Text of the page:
SKELTON - IN - CLEVELAND
"WE WILL REMEMBER THEM" |
66706 Private WILLIAM GEORGE PAWSEY.
1/6th Battalion., Northumberland Fusiliers.
Killed in action, age 18, on the 11th April 1918.
Son of Ann E and the late Thomas Pawsey, of 2, West Terrace, Skelton-in-Cleveland, Yorks.
Ploegsteert Memorial, Comines-Warneton, Hainault, Belgium
1901. William, aged 1, was living at 34 High St, Skelton, where he had been born.
His father, Thomas, age 36, was House Painter and had also been born in Skelton.
His mother, Ann Elizabeth, aged 33, was also Skelton born. By 1911 she had had 4 children and all were living.
William has 2 sisters Frances, age 7 and a sister, Emma age 9 living at home.
1911. The family are now living at 106 High St. William is at school. Frances is working as a Dressmaker and a new daughter has arrived, Grace, aged 6. William's Aunt Sarah Jane, age 39, is living with them.
By the time the CWGC were creating the cemeteries, William's father had died and his mother had moved to 2 West Terrace, Skelton.
The 1/6th Battalion Northumberland Fusiliers were attached to the 149th Brigade, 50th Division.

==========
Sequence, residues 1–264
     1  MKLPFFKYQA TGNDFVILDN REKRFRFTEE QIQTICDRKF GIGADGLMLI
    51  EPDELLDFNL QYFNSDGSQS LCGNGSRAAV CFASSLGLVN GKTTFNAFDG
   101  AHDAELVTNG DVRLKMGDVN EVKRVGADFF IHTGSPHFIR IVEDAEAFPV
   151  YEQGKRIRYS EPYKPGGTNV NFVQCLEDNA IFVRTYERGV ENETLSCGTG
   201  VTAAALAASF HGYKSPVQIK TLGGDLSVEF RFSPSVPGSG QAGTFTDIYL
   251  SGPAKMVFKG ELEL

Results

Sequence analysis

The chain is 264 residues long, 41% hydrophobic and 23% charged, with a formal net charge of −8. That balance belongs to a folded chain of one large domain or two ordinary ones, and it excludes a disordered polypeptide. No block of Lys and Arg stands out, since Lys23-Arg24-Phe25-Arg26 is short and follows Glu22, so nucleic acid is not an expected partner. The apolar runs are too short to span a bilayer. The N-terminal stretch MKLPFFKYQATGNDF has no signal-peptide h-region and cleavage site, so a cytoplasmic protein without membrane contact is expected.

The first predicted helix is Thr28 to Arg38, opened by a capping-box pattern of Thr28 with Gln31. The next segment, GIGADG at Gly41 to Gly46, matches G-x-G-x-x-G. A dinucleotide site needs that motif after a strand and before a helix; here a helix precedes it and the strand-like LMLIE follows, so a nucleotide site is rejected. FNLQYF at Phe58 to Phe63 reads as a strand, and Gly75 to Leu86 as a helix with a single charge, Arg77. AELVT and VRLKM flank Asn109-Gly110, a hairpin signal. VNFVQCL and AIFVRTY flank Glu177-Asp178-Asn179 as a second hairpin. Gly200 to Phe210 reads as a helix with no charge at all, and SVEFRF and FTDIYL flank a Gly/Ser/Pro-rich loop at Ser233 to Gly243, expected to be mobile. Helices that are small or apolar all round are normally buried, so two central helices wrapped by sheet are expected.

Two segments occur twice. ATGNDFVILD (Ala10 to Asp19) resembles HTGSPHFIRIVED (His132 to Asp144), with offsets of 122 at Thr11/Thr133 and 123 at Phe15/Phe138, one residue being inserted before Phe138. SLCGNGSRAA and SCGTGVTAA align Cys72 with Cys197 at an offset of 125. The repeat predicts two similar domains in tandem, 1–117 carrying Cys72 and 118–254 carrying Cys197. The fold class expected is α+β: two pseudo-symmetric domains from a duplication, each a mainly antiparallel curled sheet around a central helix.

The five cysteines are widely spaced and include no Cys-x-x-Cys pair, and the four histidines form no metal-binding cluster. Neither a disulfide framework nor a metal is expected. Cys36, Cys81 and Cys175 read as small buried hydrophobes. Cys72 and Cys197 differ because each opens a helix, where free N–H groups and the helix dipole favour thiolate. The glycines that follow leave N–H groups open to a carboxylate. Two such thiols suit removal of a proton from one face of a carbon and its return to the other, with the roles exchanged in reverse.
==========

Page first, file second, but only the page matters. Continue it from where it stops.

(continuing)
At the time of William's death they had been ordered from the Somme to the River Lys area.
In November 1917 the Germans had made a peace with the Russians and in the Spring of 1918, reinforced by Divisions moved from the Eastern front, they launched a series of offensives against what they thought were exhausted British lines.
If they could break through to the coast before the Americans arrived in numbers they could still win the War.
In March they had advanced some 40 miles on the Somme, almost reaching Amiens.
Just as that offensive weakened, they began another attack on the 9th April to the North, on the River Lys, West of Armentieres.
The Allies, mainly British, were driven back some 20+ miles and many men were killed and wounded before the advance was halted.
William Pawsey, at age 18, could not have been long in France and was killed on the second day of this action.
The Ploegsteert Memorial, which lies about 12 kilometres to the South East of Ypres, commemorates more than 11,000 servicemen of the United Kingdom and South African forces who died in this sector during the First World War and have no known grave.